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Causes of the American Revolution

In the beginning, the colonies were proud to be British. But when King George III needed to raise money to pay off his war debt, he imposed taxes on the colonies without their agreement.

The colonists did not like being taxed for things that they had been getting for free. They immediately began a boycott of British goods. King George sent soldiers across the Atlantic to make sure the colonies were behaving.

Soon, a young ship owner brought over a ship full of taxed tea from Britain. The colonists decided they would not allow the tea to be brought ashore. A group of them, dressed as American Indians, boarded the ship at night and threw the tea overboard into the harbor, ruining it. This event is known as the Boston Tea Party.

In response to the Boston Tea Party, the king imposed the “Intolerable Acts”:

  • The Boston Port Act, closing the port of Boston until the destroyed tea was paid for
  • The Massachusetts Government Act, putting the local government under direct British control
  • The Administration of Justice Act, allowing royal officials to be tried in Britain if the king felt it necessary
  • The Quartering Act, ordering the colonies to provide housing for British soldiers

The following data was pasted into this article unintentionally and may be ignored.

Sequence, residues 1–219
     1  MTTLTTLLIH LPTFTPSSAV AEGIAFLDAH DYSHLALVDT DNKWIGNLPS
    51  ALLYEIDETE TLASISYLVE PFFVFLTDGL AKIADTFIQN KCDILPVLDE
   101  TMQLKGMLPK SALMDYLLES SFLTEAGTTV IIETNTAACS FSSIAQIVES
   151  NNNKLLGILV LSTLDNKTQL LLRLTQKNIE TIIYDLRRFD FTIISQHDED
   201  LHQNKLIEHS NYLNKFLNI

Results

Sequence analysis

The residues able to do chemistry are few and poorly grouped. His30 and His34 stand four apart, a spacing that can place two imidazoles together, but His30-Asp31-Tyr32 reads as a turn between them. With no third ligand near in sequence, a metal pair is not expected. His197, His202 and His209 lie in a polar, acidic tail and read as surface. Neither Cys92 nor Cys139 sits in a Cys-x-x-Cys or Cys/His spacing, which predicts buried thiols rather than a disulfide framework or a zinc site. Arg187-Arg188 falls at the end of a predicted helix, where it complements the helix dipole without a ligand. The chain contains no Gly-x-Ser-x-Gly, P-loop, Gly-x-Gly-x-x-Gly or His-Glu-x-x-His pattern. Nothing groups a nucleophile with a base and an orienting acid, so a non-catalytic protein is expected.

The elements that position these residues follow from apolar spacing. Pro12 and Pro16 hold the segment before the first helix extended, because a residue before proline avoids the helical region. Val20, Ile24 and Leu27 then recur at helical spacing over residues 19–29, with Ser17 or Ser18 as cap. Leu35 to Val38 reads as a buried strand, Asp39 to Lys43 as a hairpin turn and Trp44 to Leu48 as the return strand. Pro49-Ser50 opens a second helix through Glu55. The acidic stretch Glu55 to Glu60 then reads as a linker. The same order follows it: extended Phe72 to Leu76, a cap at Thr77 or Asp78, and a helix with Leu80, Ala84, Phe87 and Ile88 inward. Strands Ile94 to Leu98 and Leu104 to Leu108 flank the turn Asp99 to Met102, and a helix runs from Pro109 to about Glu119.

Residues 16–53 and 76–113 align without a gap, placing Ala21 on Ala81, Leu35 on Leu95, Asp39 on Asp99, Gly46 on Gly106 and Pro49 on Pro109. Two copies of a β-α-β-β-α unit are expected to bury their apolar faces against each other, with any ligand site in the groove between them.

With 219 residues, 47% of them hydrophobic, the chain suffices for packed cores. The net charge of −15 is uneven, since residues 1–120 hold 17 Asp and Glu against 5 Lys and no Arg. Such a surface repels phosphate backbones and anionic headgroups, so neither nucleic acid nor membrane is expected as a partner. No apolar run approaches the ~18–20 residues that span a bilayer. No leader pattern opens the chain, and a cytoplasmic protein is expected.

• The Quebec Act, expanding British territory in Canada and guaranteeing the free practice of Roman Catholicism

In response to the Intolerable Acts, the colonies held the First Continental Congress. 55 delegates representing 12 of the 13 colonies discussed the possibility of separating from Britain.

The colonists began collecting arms for a possible battle with the British army. It came soon enough. The first shots were at the Battles of Lexington and Concord.

The Continental Congress met again to attempt peace. They sent the Olive Branch Petition to King George declaring their loyalty. When it reached the King, he pushed it aside without reading it. Instead, he threatened that they would all hang for their defiance of the crown.

This united the colonies. They adopted the Declaration of Independence, which led to a full War of Independence with Britain.


Source: Causes of the American Revolution
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